If you’re a silver stacker who is looking to get the most silver for your money, emergency issue silver eagles probably aren’t for you. Why not? Because these coins are much scarcer than ordinary silver eagles, and thus sell for large premiums over spot value. In other words, they cost much more than a “regular” silver eagle.
However, collectors might find these coins worthy of buying. Why? Because many emergency silver eagles boast small mintage numbers and have thus sold for huge sums of money. They’re highly collectible, and they might go up in value in the years ahead if more coin collectors decide to pursue these coins.
How Do You Tell Emergency Silver Eagles From “Regular” Silver Eagles?
If an uncertified emergency issue silver eagle and uncertified “regular” silver eagle of the same year appear identical to one another side by side, then what distinguishes these special coins?
The only way to reliably tell an emergency issue from a regular one (other than buying certified emergency issues) is to buy them in monster boxes, which are packaged at the U.S. Mint and contain 25 rolls of 20 silver eagles each. Sealed, unopened boxes contain shipping labels bearing serial numbers or other special markings that can tell you which U.S. Mint facility struck and packaged the coins within.
Monster boxes like the one seen here are usually shipped directly from the U.S. Mint to coin dealers who are involved with the United States Mint Authorized Purchasers program.
From there, these coin dealers will sell the bullion silver eagles within to other dealers, private collectors and investors, and/or submit them for grading at a third-party grading company. Very rarely will a typical collector ever get ahold of a sealed monster box like the one pictured here.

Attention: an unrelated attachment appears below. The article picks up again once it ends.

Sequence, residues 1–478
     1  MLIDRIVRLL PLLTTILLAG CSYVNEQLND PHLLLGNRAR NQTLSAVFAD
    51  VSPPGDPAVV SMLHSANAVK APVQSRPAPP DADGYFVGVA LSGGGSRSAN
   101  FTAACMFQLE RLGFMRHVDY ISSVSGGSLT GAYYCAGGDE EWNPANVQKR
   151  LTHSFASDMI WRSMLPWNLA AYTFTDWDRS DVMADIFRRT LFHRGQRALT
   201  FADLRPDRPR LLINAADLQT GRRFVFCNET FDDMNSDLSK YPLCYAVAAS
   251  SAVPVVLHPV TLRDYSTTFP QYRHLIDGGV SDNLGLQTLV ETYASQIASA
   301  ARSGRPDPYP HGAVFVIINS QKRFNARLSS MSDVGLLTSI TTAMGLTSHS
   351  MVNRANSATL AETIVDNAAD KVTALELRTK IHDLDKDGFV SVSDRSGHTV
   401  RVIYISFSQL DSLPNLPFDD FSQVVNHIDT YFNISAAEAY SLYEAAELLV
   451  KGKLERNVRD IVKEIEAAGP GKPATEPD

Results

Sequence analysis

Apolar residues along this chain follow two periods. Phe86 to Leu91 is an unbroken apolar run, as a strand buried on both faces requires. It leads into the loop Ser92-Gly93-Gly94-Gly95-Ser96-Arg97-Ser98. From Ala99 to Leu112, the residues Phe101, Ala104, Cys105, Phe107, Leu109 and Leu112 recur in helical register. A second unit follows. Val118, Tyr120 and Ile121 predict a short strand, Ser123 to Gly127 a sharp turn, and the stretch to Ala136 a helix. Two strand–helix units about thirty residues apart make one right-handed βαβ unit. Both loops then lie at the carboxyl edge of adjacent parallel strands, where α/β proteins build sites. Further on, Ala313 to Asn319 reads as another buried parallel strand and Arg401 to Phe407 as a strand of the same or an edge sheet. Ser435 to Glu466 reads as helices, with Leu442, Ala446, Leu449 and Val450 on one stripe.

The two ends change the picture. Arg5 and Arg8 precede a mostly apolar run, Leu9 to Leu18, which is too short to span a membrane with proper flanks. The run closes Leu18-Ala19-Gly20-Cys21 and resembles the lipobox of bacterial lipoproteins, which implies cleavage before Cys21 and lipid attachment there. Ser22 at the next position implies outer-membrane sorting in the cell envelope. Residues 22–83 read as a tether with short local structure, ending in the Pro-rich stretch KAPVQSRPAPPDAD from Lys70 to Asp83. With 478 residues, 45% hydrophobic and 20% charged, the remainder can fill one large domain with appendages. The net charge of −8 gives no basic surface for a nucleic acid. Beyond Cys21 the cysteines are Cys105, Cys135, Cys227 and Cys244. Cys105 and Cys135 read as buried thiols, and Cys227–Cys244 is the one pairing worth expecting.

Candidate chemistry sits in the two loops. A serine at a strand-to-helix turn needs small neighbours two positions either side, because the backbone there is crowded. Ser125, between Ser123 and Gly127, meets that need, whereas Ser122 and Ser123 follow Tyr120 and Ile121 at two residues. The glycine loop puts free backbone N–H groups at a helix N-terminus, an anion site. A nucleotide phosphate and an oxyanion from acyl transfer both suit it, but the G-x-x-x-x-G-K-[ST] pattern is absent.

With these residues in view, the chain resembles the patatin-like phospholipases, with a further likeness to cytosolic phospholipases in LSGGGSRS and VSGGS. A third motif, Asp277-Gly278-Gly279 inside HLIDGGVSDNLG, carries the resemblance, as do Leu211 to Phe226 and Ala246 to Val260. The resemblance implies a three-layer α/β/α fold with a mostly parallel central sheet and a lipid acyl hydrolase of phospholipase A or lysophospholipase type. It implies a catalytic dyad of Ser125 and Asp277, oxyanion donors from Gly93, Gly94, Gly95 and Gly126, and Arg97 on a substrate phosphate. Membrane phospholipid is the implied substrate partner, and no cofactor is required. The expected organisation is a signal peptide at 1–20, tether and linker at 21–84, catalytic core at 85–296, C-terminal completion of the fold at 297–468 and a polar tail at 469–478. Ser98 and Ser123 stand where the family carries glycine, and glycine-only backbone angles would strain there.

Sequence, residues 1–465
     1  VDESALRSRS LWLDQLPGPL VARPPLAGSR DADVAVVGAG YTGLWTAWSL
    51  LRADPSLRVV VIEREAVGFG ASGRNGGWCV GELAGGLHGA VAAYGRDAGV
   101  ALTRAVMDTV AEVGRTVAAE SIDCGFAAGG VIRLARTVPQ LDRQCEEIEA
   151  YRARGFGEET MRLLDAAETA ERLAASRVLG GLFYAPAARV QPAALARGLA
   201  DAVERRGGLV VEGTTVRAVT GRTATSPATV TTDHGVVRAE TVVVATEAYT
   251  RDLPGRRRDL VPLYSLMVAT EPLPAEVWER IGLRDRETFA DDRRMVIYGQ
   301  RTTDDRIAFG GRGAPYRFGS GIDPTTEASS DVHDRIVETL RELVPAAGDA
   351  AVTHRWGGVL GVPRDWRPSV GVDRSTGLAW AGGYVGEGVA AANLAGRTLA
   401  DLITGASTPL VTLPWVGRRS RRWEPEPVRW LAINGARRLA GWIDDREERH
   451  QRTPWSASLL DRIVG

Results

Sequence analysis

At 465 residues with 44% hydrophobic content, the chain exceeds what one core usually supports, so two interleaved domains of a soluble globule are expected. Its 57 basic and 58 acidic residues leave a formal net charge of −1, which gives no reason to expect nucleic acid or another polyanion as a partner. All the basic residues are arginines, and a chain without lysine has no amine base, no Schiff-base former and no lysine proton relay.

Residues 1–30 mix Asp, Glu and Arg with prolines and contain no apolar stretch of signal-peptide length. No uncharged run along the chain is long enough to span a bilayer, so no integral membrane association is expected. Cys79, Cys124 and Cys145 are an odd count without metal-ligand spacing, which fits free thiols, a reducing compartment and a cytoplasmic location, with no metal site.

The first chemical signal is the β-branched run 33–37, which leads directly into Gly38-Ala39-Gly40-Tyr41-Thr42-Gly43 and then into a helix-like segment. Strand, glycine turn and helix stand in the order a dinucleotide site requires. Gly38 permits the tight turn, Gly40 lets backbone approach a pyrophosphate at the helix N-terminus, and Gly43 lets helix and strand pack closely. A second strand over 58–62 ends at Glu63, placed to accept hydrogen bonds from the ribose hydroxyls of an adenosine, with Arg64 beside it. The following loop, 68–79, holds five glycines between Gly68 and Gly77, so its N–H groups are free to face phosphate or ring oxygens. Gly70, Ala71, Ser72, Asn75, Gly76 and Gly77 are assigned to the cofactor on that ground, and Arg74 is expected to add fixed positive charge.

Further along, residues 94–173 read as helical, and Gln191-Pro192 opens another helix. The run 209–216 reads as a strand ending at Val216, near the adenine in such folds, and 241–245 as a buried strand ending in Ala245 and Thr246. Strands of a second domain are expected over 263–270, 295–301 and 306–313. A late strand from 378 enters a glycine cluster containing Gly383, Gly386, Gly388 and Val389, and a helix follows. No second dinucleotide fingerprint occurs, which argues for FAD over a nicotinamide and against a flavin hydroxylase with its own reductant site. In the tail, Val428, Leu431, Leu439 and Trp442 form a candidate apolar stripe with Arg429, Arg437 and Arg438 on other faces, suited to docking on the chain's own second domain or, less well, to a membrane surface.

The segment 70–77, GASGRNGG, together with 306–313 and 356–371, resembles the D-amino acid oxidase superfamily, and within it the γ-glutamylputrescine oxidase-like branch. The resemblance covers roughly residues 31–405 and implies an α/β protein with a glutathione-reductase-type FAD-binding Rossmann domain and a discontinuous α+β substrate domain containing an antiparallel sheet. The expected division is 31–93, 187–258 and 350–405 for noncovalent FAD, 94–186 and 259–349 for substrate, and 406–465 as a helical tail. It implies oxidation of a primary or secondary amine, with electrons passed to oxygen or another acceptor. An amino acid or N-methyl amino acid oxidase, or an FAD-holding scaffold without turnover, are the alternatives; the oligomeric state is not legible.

Therefore, the sole way for most people to determine whether they have an emergency issue American Silver Eagle or not is to buy one that is slabbed and labeled as such by a third-party coin grader.
Where Can You Buy Emergency Issue American Silver Eagles?
It seems many people are first made aware of emergency American Silver Eagles from watching TV infomercials pitching these unusual coins.
While this is one place where you might consider buying your emergency release silver eagles from, don’t forget that many coin dealers and bullion brokers sell these coins, too.
Wherever you buy emergency issue silver eagles, make sure you aren’t paying more than you should for these coins. Always do your research, and make sure you’re buying from a good coin dealer that you can trust.
How Much Are Emergency Silver Eagles Worth?
Prices vary on emergency issue silver eagles largely depending on the grade or condition of the coin. Here’s a rundown on average emergency silver eagle values:
- 2020 (P) emergency silver eagle — $65 to $100
- 2020 (S) emergency silver eagle — $45 to $75
- 2021 (P) emergency silver eagle — $70 to $110
- 2021 (S) emergency silver eagle — $50 to $80
I’m the Coin Editor here at TheFunTimesGuide. My love for coins began when I was 11 years old. I primarily collect and study U.S. coins produced during the 20th century. I’m a member of the American Numismatic Association (ANA) and the Numismatic Literary Guild (NLG) and have won multiple awards from the NLG for my work as a coin journalist. I’m also the editor at the Florida United Numismatists Club (FUN Topics magazine), and author of Images of America: The United States Mint in Philadelphia (a book that explores the colorful history of the Philadelphia Mint). I’ve contributed hundreds of articles for various coin publications including COINage, The Numismatist, Numismatic News, Coin Dealer Newsletter, Coin Values, and CoinWeek. I’ve authored nearly 1,000 articles here at The Fun Times Guide to Coins (many of them with over 50K shares), and I welcome your coin questions in the comments below!